So he was queer, E.M. Forster. It wasn't his middle name (that would be 'Morgan'), but it was his orientation, his romping pleasure, his half-secret, his romantic passion. In the long-suppressed novel Maurice the title character blurts out his truth, 'I'm an unspeakable of the Oscar Wilde sort.' It must have felt that way when Forster came of sexual age in the last years of the 19th century: seriously risky and dangerously blurt-able. The public cry had caught Wilde, exposed and arrested him, broken him in prison. He was one face of anxiety to Forster; his mother was another. As long as she lived (and they lived together until she died, when he was 66), he couldn't let her know.
If you are trading silence or compliance for love, you are being cheated. When acceptance or love is withheld if you reveal secrets, the value of the relationship is just an illusion. Love cannot be earned, bought or traded–only freely given. You are worthy of love that doesn’t require you to protect your abuser or sacrifice yourself.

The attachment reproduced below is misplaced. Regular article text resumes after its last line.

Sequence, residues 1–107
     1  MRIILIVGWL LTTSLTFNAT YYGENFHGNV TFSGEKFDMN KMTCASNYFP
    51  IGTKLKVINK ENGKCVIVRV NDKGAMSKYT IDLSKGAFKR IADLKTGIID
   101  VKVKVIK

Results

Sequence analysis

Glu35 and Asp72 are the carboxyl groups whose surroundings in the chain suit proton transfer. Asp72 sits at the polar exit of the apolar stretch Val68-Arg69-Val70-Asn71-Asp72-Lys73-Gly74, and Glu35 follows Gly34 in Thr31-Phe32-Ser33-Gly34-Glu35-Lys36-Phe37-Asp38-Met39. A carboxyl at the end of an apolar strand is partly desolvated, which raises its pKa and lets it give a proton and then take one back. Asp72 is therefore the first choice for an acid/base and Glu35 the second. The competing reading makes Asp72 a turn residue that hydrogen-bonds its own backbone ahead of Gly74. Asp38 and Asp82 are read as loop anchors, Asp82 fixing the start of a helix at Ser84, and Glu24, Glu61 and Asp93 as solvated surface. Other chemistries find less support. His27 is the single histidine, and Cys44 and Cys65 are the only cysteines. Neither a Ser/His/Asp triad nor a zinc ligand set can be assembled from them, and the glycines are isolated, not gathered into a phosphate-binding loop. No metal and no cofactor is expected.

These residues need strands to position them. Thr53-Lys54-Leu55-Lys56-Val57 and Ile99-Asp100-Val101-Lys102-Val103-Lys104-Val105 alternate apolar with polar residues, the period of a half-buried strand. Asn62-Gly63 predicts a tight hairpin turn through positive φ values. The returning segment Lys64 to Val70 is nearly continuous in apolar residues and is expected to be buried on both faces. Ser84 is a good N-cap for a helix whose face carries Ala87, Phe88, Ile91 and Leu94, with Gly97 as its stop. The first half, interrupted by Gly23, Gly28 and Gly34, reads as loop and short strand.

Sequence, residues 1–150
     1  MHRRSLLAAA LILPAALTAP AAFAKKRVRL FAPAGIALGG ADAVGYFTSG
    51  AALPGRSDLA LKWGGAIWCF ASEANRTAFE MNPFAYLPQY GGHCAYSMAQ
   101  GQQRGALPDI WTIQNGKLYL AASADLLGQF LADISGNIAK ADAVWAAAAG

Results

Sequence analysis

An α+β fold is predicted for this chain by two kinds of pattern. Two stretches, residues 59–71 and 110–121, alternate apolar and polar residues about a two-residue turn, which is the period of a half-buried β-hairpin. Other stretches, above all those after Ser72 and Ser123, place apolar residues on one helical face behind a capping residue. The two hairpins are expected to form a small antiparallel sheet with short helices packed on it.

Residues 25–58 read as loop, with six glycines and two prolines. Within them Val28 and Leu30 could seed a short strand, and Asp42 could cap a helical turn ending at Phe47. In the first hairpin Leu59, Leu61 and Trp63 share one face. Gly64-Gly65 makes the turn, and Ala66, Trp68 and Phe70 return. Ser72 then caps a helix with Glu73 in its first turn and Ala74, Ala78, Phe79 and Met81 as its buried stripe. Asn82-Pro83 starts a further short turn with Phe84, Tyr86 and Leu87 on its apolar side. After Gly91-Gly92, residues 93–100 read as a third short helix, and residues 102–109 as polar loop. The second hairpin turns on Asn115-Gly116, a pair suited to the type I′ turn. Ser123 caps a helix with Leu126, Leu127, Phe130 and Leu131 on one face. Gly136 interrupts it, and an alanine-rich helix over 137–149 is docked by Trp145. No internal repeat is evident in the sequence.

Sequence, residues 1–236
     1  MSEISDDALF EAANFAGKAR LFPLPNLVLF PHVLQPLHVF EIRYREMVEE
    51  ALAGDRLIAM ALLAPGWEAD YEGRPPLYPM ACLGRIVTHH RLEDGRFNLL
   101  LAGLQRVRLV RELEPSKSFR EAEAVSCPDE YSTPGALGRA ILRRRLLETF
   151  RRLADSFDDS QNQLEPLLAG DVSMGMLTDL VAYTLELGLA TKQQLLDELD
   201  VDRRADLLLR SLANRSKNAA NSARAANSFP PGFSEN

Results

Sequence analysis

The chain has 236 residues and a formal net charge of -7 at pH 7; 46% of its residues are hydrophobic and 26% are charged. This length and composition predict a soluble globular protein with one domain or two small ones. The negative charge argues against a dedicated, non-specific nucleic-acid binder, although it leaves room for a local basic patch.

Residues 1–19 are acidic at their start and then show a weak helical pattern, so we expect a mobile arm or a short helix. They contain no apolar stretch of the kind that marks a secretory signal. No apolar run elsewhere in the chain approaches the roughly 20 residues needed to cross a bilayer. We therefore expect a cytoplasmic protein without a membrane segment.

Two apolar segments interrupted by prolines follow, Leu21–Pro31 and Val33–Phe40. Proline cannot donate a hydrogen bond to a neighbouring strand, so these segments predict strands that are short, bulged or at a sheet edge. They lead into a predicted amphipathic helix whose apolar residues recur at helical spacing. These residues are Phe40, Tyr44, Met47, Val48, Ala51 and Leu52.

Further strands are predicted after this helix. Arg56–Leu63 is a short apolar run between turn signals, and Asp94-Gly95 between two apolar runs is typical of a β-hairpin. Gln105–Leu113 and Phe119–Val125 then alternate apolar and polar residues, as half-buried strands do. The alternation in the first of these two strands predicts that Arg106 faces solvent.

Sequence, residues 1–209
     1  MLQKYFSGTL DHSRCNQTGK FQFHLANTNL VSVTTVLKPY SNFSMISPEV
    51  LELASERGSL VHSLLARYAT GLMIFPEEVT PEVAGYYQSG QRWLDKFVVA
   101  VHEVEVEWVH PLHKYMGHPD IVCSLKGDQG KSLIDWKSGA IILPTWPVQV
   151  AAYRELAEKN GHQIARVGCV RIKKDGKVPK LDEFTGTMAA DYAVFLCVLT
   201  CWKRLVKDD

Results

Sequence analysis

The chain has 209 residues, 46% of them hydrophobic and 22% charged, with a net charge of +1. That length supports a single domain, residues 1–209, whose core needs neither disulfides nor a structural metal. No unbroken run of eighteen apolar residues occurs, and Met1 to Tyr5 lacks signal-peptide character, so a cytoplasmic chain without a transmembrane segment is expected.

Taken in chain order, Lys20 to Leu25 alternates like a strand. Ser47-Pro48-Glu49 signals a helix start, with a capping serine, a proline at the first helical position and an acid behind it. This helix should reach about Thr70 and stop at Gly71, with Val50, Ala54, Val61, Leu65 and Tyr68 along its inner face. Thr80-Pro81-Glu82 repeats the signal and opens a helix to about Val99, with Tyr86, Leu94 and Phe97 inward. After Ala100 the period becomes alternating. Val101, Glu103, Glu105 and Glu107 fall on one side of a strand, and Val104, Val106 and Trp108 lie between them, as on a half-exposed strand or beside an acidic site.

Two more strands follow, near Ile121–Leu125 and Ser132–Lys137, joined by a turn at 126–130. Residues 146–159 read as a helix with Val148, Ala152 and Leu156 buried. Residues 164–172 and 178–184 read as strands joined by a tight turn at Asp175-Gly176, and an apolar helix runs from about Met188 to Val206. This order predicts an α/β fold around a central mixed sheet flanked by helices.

Haven't I told you scores of times, that you're always beginners, and the greatest satisfaction was not in being at the top, but in getting there, in the enjoyment you get out of scaling the heights? That's something you don't understand, and can't understand until you've gone through it yourself. You're still at the state of unlimited illusions, when a good, strong pair of legs makes the hardest road look short, and you've such a mighty appetite for glory that the tiniest crumb of success tastes delightfully sweet. You're prepared for a feast, you're going to satisfy your ambition at last, you feel it's within reach and you don't care if you give the skin off your back to get it! And then, the heights are scaled, the summits reached, and you've got to stay there. That's when the torture begins; you've drunk your excitement to the dregs and found it all too short and even rather bitter, and you wonder whether it was really worth the struggle. From that point there is no more unknown to explore, no new sensations to experience. Pride has had its brief portion of celebrity; you know that your best has been given and you're surprised it hasn't brought a keener sense of satisfaction. From that moment the horizon starts to empty of all hopes that once attracted you towards it. There's nothing to look forward to but death. But in spite of that you cling on, you don't want to feel you're played out, you persist in trying to produce something, like old men persist in trying to make love, with painful, humiliating results. ... If only we could have the courage to hang ourselves in front of our last masterpiece!